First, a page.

Both Kelpius and Beissel were deeply affected by their association with Philadelphians, the English mystics who discovered and applied Böhme’s writings. A groundbreaking treatise on music appeared in 1697, just after Kelpius had sojourned in England on his way to Pennsylvania. It was written by Dr. Francis Lee, a specialist in Hebrew and the Kabbala who joined the Philadelphian community that coalesced around Jane Leade near London, and published in Theosophical Transactions, the journal of the society. Marveling at the efflorescence of music produced “by some extraordinary Genius’s in this last Age” (he singles out Purcell), Lee seeks to use Nature as the means of understanding musical Art. Again, he rearticulates a theory of music that stretches back over two millenia:
It is then suppos’d, that Musick is an outward Representation of the Harmony of the Divine Powers and Properties in the Nature of God: who exists and manifest himself in infinite variety and multiplicity, all in perfect Concord and Unity. The Unity as Fundamental, comprizing and containing all in it self. And thus the One Ground Note, or Bass contains in it self all the whole Scale above it; not only the Artificial Scale, but all as high as we can imagin; and its Tone is an Aggregate of them all; as the roaring of the Sea is made up of the noise of each particular Wave contain’d in it. Out of the Bass then all the other Notes proceed, as a Birth from it; and together make up its adequate proportion and Image. 
Working from these ancient assumptions, Lee goes on to construct a sort of interlocking chain of musical harmony, showing how each note in the scale, when taken together with those that precede and follow, occupies a relationship of concord. He moves up the scale from a bass note of G, then to A, B (related to G), C (related to both G and A), D (likewise), and so on.
And thus we see the first great Discord Harmonized with all the other arising from it. That which went out First, must come in Last: the Great Breach or Division cannot be made up and restored to Unity, till by a Progress forwards and backwards through the whole Circle of alienation it has begun, it has work’d off the contrariety of Disproportion; and by degrees gather up the Proportion it lost, it returns again into its own Original. The Circle is here compleat, and the End has found its Beginning, the Multiplicity received into Identity and Unity. There is a Birth of a new Octave, or Series of Harmony, existing in its outflown and manifested Essence, and also in its Original: not only in its Original, as Archetype, containing the first Seeds and Grounds of it; but in its new Essence admitted into, and made one with it. 
In good Hermetic style, numerological correspondences abound: the seven notes to the seven planets; the six days of the week ending in the Sabbath; the first six millenia of world, “in Labour and Misery ending, as is supposed, in the 7000th Year, as its Sabbatical Jubilee: and the “Seven Working Spirits of God” working toward perfection “through the whole Creation.” Lee draws several conclusions. Dissonance is impossible. A set of relationships so perfect as music should not be “debased and prostituted to the vanity of common Amours,” but treated with reverence. Finally, all human speech necessarily shares the artfulness of music: “Natural Pronuncation, or the Tone, Accent, and Emphasis, which we use in speaking our Words; and that variety of it that appears in the Expression of our Passions; is nothing else but Musick; it is True and Natural Harmony; and may be prick’d down and perform’d in Comfort; running in minute and swift Division.” Hence the secret of Purcell’s genius: he composed his music “by listning to Nature,” finding notes that unfold in “Natural Harmony.”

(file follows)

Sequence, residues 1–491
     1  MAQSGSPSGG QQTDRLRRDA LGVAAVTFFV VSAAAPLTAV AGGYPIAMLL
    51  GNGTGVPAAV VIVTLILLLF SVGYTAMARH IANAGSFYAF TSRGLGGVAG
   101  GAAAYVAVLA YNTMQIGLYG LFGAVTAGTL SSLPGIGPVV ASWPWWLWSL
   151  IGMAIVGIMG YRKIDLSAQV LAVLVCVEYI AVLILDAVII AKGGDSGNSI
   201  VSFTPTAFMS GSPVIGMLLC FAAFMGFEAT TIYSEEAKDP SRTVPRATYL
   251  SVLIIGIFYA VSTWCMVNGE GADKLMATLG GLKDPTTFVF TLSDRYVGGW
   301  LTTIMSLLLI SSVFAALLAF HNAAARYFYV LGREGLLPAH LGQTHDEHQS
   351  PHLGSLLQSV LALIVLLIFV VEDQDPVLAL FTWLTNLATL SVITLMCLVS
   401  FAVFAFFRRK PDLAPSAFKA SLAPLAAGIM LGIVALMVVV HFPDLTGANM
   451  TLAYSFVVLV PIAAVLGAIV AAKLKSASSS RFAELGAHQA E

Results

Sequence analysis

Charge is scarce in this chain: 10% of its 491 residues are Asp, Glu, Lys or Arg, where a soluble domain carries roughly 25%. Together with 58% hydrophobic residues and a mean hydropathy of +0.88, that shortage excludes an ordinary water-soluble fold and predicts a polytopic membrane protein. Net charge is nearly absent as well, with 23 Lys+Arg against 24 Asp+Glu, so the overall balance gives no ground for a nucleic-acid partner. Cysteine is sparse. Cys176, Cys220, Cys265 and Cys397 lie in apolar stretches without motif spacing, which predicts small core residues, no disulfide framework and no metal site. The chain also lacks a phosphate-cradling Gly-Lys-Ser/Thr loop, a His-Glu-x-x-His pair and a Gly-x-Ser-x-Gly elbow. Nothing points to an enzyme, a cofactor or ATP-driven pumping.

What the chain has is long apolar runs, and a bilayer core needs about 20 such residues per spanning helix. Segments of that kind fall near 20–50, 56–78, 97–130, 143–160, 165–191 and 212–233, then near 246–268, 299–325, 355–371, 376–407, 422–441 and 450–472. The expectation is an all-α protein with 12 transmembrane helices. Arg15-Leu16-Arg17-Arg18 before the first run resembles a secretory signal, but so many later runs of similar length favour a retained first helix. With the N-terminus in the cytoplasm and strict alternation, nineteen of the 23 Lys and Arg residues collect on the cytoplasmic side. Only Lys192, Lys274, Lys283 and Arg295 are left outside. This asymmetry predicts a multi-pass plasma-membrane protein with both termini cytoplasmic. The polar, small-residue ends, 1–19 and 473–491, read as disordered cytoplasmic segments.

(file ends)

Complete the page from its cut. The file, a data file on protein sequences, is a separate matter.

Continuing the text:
Of course, transferring the perfection of Nature to the flesh-and-blood of an endlessly mutating spiritual community required a severe discipline, which Beissel was willing to provide to choir members. First of all, rigorous discipline of the body was required. “Care must be taken of the body, and its requirements reduced to a minimum, so that the voice may become angelic, heavenly, pure and clear, and not rough and harsh through the use of coarse food, and therefore unfit to produce the proper quality of tone, but on the contrary, in place of genuine song, only an unseemly grunting and gasping.” All meat, milk, cheese, eggs and honey were proscribed, beans discouraged. Wheat and buckwheat were recommended as “producing cheerfulness of disposition and buoyancy of spirit,” potatoes and beets were deemed “useful.” “As concerns drink, it has long been settled that nothing is better than pure, clear water, just as it comes from the well, or as made into soup to which a little bread is added.”  Choir members wore spare white garments resembling the habits of Capuchin monks for all rehearsals and performances. Beissel’s rehearsals ran for four hours, concluding a very taxing workday around midnight, when the choir would process across a meadow through the misty darkness to the Nachmetten, or midnight watch, where the Solitary would mix worship and penitence for some two hours.
Beissel himself was a very exacting director, prone to harshly upbraiding his singers when they fell short of his standards, sometimes haranguing for more than an hour. Sisters were frequently reduced to tears, while brothers fumed. But the singing was, by all accounts, otherwordly. How did it strike the ears of contemporary listeners? According to an account written in 1835, long after Beissel’s time but presumably about music that remained faithful to his musical principles, “The tones issuing from the choir imitate very soft instrumental music; conveying a softness and devotion almost super-human to the auditor. The only part sung by males, the bass, were divided into two parts, “the latter resembling the deep tones of the organ, and the first, in combination with one of the female parts, is an excellent imitations of the concert horn. The whole is sung on the falsetto voice. The most detailed description from an Anglican minister from Philadelphia named Jacob Duché, who visited the cloister a few years after Beissel’s death. The sisters sang with “sweet, shrill and small voices, but with a truth and exactness in time and intonation that was admirable.”